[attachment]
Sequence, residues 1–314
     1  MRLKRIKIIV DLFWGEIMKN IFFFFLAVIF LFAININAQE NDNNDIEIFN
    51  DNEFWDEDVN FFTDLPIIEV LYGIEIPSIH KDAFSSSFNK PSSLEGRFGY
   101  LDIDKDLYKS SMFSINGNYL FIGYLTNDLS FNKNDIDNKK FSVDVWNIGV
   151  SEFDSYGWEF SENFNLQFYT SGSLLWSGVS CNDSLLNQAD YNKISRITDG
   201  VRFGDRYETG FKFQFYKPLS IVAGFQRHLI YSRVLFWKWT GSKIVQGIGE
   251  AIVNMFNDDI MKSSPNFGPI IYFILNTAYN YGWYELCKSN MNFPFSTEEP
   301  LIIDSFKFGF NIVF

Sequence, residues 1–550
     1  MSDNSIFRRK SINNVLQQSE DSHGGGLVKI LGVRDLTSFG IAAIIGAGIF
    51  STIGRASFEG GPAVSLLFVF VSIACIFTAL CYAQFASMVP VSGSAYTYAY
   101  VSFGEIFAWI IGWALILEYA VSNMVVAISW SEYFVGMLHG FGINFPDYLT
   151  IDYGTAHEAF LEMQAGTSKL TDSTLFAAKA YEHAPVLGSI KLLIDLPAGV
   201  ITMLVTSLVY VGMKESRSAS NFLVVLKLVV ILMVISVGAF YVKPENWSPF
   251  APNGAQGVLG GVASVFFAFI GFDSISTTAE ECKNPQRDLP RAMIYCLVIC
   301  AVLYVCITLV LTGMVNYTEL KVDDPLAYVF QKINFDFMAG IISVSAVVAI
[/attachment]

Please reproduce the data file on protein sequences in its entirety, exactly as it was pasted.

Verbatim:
Sequence, residues 1–314
     1  MRLKRIKIIV DLFWGEIMKN IFFFFLAVIF LFAININAQE NDNNDIEIFN
    51  DNEFWDEDVN FFTDLPIIEV LYGIEIPSIH KDAFSSSFNK PSSLEGRFGY
   101  LDIDKDLYKS SMFSINGNYL FIGYLTNDLS FNKNDIDNKK FSVDVWNIGV
   151  SEFDSYGWEF SENFNLQFYT SGSLLWSGVS CNDSLLNQAD YNKISRITDG
   201  VRFGDRYETG FKFQFYKPLS IVAGFQRHLI YSRVLFWKWT GSKIVQGIGE
   251  AIVNMFNDDI MKSSPNFGPI IYFILNTAYN YGWYELCKSN MNFPFSTEEP
   301  LIIDSFKFGF NIVF

Sequence, residues 1–550
     1  MSDNSIFRRK SINNVLQQSE DSHGGGLVKI LGVRDLTSFG IAAIIGAGIF
    51  STIGRASFEG GPAVSLLFVF VSIACIFTAL CYAQFASMVP VSGSAYTYAY
   101  VSFGEIFAWI IGWALILEYA VSNMVVAISW SEYFVGMLHG FGINFPDYLT
   151  IDYGTAHEAF LEMQAGTSKL TDSTLFAAKA YEHAPVLGSI KLLIDLPAGV
   201  ITMLVTSLVY VGMKESRSAS NFLVVLKLVV ILMVISVGAF YVKPENWSPF
   251  APNGAQGVLG GVASVFFAFI GFDSISTTAE ECKNPQRDLP RAMIYCLVIC
   301  AVLYVCITLV LTGMVNYTEL KVDDPLAYVF QKINFDFMAG IISVSAVVAI